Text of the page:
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Proceedings of the National Conference of Colored Men of the United States, Held in the State Capitol at Nashville Tennessee, May 6, 7, 8 and 9, 1879.


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Finally, as to the causes: The colored people of the Southern States have become thoroughly alarmed at the constant attacks on their political and civil rights, not only by legislative enactments and verdicts of courts, but more especially through and by the medium of State constitutional conventions. These conventions have been called in nearly every State once ruled by Republicans, but now under the rule of the Democratic party. In every instance the openly-avowed object for the holding of these constitutional conventions by Democrats is to overturn and repeal all laws passed by Republican conventions or legislatures looking toward the protection of colored people in all of their political, civil, and educational rights. In nearly every instance whenever these conventions have been held by Democrats, restrictions upon the rights of colored people have been enacted and passed to the statute-books of the State. These Democratic enactments have made the colored people the target for so-called vagrant laws, unjust poll-taxes, and curtailed educational advantages, and all legislation has been toward enfeebling them in all that Republican legislation strengthened and protected them.

The colored people of the South have no way of judging what Democracy in that section of the country will do in the future, only by what they are now doing and have done in the past ; and, judging by that, they have come to the conclusion that it is better to fly to evils (if any there be) they know not of, rather than to continue under the present evils, to which they have fallen heir through a Democratic bequest.

SECOND. Is there any truth in the report, that it is a scheme gotten up to irate the North against the South?

Your committee think it unjust to attribute this exodus or migration of colored people from the South to any such motives. It might as well be charged that such alone were the motives of the early abolitionist who demanded liberty for the slaves, and who perished in his demands until slavery was abolished. His scheme was founded on righteousness, justice, and right ; and if at this time certain men of the North are to-day demanding civil, religious, and political rights for the freedmen of the South at home if possible, elsewhere if necessary ; they are but making a grand finale of the original human undertaking of their predecessors who labored so faithfully that slavery should be abolished from our land. There may be, in some instances, those who would exult over the depopulation of the South, of her laboring classes, but such is not the great underlying principle of this exodus. This emigration scheme is not a spurt or sudden impulse, but the culmination of events which have been in an embryo condition since the war.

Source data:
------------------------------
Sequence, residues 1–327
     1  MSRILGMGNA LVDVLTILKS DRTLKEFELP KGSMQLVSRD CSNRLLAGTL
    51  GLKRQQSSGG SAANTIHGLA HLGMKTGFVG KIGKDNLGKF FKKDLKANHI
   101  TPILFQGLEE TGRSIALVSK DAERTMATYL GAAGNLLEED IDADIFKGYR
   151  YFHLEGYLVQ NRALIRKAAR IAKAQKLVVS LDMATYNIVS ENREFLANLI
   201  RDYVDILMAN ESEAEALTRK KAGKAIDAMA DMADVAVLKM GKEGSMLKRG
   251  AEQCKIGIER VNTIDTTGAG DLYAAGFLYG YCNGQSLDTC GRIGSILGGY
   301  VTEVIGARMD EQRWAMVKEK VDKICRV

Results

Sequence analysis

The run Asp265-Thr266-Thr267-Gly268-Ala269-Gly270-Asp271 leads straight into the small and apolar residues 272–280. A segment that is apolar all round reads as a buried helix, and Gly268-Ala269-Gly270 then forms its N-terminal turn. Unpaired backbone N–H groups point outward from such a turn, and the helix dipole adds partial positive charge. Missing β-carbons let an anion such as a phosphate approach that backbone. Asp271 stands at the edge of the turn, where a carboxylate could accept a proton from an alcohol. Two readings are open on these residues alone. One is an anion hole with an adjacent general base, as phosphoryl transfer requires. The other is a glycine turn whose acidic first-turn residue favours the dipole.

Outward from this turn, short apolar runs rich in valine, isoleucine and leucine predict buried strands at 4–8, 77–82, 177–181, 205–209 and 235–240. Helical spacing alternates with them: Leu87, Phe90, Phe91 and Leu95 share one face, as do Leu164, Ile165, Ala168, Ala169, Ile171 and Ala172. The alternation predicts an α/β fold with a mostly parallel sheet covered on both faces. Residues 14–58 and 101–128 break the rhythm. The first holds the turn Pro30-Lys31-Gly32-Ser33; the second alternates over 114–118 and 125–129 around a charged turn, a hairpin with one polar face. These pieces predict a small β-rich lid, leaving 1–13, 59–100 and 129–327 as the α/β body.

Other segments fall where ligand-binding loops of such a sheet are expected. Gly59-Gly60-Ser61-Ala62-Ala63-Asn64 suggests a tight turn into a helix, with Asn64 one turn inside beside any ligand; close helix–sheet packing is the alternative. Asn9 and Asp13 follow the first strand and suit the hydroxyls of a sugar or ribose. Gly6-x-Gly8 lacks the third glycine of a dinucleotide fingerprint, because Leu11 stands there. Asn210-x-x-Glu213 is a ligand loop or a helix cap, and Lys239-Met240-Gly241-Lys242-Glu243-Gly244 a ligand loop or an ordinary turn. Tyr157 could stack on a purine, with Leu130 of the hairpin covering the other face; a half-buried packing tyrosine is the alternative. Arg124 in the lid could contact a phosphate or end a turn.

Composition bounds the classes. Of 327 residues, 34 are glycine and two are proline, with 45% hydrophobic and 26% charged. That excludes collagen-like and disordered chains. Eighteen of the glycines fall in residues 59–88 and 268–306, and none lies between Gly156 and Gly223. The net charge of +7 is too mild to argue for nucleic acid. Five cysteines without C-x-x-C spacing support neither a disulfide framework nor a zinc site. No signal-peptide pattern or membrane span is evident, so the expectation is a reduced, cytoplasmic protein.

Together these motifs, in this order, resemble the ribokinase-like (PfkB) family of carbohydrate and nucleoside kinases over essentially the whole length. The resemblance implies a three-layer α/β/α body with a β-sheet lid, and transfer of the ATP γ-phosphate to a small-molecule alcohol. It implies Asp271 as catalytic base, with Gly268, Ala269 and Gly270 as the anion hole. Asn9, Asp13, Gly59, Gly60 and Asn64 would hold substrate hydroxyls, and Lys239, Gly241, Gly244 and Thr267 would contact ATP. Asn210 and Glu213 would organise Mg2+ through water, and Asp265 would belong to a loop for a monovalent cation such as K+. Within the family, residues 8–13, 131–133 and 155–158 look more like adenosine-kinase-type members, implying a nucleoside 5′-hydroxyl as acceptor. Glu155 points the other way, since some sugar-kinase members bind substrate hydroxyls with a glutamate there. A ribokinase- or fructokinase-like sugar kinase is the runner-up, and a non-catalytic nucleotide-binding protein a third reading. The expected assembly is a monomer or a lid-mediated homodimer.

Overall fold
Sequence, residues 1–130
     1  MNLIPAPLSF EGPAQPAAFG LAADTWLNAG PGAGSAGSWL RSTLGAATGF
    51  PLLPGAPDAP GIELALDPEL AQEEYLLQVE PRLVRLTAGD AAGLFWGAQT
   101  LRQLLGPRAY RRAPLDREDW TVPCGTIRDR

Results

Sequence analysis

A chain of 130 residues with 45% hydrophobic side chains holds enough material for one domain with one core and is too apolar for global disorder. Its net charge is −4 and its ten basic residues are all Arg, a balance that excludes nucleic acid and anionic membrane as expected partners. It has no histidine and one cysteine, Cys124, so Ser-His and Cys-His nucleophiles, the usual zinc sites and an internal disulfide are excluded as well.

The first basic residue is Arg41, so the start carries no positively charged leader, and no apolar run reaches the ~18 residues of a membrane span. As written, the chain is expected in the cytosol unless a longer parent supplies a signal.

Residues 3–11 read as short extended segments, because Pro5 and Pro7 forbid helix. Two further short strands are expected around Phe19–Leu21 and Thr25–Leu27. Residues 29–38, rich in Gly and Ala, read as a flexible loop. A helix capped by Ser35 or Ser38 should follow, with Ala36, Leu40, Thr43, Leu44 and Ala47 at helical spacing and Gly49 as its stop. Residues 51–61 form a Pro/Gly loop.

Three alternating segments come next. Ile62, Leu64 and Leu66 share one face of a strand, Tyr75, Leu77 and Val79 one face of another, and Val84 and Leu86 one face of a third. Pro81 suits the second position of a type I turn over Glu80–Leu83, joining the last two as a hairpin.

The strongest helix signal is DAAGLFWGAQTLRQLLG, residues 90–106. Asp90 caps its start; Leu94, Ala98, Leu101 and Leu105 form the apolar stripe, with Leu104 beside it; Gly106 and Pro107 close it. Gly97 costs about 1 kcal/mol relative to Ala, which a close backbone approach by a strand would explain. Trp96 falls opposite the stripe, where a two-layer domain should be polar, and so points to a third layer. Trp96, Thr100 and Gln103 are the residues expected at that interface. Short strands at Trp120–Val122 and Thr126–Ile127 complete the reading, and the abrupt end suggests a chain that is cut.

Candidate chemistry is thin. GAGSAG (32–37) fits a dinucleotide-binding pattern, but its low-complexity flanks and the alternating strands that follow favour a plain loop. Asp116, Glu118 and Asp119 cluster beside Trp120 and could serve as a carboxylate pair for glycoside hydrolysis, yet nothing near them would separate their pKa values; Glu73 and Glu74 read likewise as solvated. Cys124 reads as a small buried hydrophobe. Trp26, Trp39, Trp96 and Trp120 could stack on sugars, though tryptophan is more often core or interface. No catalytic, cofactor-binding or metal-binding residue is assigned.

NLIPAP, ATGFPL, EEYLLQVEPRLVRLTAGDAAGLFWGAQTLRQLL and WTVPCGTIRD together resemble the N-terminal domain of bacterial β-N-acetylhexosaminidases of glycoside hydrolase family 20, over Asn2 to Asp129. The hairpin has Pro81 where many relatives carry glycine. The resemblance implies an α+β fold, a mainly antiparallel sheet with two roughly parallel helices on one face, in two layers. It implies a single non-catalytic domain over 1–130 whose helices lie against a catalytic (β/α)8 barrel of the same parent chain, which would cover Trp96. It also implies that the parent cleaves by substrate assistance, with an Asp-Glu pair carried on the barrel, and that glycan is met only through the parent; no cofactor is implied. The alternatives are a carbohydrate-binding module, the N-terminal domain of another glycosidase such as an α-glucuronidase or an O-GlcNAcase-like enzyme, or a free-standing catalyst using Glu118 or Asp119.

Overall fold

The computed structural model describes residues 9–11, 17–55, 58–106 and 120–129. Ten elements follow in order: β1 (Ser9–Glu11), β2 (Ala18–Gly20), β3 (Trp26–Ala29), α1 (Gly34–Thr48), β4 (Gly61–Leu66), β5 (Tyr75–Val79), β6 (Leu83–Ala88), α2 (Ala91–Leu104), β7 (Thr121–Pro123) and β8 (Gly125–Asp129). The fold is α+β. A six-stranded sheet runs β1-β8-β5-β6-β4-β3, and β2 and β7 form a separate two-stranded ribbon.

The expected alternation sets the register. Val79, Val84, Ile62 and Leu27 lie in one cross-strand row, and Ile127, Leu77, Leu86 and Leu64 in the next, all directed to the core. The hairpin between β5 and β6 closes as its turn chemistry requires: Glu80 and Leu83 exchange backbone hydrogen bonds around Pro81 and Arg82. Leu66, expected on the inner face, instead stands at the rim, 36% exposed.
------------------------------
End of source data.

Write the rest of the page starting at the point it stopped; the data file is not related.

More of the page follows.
You will, doubtless, remember that near the close of the late war an effort was made to remove the colored people of the Southern States to Liberia, and for that purpose money was contributed by individuals, and the scheme started. It did not, however, succeed, owing to a disinclination of any great number of colored people to avail themselves of an opportunity to leave the United States. Another Liberian emigration scheme was started last year in South Carolina, but did not accomplish much. But these two instances differ materially from the present migration; while the colored people have always exhibited a disinclination to leave the South for any foreign country, they have never exhibited a disinclination to leave any Southern State, where, under Democratic rule, their rights have been curtailed or threatened. Notably is this the case in South Carolina, Georgia and Alabama. A steady stream of colored people from these States has been pouring into Mississippi and Louisiana for the past four or five years, solely on account of the unjust laws enacted by Democratic constitutional conventions and legislatures, whose principal achievements were the repeal of nearly every law passed by Republicans for their protection. They came into Louisiana and Mississippi

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